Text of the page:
Date(s) - 11/19/17 3:00 pm - 4:00 pm
Location: Concord Free Public Library
Henry Walters is a New Hampshire poet and translator. His work has roots in a tradition of naturalists for whom writing is a cultivation of their own landscape: Theocritus and Virgil, Thoreau and Stevens, Henry Beston and Annie Dillard.
In a short letter to Thoreau hinting at his indebtedness, Walters writes: “A democrat of scale, magician of the minuscule, you make bonsai of our oldest oaks and pull whole forests out of an acorn cap. Gulliver, too big for his britches, and Alice, having shut up like a telescope, and Pinocchio, having forgotten what was true, and I, a fly cobwebbed in fine print—all of us pressed our respective noses like species of aster between the pages of your Journal, and when we pulled them out again, voilà, we fell straightway in love with the world’s proportions.”
Born in Chicago and raised along Michigan’s River Raisin, Walters studied Latin and Greek at Harvard University, beekeeping in Sicily, and falconry in Ireland. His first book of poems, Field Guide A Tempo, was a finalist for the 2016 Kate Tufts Discovery Award. His poems, essays, and translations have appeared or are forthcoming in a number of print publications, and he maintains a blog of observations and ruminations about plants, wildlife, weather, and other facets of nature for The Old Farmer’s Almanac. Since 2014, he has been the Secretary for Experimental Living at the Dublin School in Dublin, New Hampshire, a writer-in-residence position. He lives there in a small house he built himself.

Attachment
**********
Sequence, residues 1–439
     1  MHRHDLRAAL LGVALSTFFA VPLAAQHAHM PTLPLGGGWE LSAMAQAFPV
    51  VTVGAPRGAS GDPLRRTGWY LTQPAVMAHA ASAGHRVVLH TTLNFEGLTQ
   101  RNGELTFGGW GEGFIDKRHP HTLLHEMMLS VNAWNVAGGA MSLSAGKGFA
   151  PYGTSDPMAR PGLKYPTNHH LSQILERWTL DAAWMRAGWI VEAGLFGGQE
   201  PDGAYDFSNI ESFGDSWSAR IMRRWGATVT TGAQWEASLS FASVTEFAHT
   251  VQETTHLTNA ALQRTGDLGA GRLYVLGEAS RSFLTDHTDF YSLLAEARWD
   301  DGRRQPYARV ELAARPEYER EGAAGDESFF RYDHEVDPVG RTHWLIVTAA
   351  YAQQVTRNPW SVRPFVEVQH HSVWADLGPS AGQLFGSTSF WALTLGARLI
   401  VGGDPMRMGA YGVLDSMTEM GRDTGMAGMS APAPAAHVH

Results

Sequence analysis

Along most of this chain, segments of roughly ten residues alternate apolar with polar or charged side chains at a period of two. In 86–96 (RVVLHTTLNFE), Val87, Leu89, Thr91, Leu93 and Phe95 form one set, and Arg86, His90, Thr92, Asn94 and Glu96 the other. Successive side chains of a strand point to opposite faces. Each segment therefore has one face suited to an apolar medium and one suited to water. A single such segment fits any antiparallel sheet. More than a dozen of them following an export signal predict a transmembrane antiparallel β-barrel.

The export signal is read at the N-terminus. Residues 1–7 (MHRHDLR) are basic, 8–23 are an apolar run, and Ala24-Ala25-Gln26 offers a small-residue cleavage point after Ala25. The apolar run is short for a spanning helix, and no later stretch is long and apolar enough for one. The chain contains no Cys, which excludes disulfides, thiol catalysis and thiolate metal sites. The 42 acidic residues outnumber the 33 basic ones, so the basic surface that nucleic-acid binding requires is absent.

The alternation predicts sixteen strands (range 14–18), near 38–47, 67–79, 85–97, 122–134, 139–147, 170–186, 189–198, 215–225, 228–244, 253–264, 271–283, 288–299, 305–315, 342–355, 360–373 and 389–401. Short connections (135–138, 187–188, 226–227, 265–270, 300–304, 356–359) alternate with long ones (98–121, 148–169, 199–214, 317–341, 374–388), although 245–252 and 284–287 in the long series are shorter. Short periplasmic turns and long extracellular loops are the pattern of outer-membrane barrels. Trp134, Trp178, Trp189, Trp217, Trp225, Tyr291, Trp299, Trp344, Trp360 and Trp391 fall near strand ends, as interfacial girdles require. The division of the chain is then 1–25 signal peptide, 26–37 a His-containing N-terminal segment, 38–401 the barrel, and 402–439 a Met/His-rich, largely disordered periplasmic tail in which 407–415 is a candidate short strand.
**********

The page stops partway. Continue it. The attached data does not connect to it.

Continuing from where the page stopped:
Join us for an afternoon of poetry, light refreshments, and conversation with Henry Walters about his life and practices as a writer and naturalist.
This free event is part of the Concord Poetry at the Library Series sponsored by The Friends of the Concord Free Public Library and offered as part of Concord’s yearlong Thoreau Bicentennial.
For further information: www.concordlibrary.org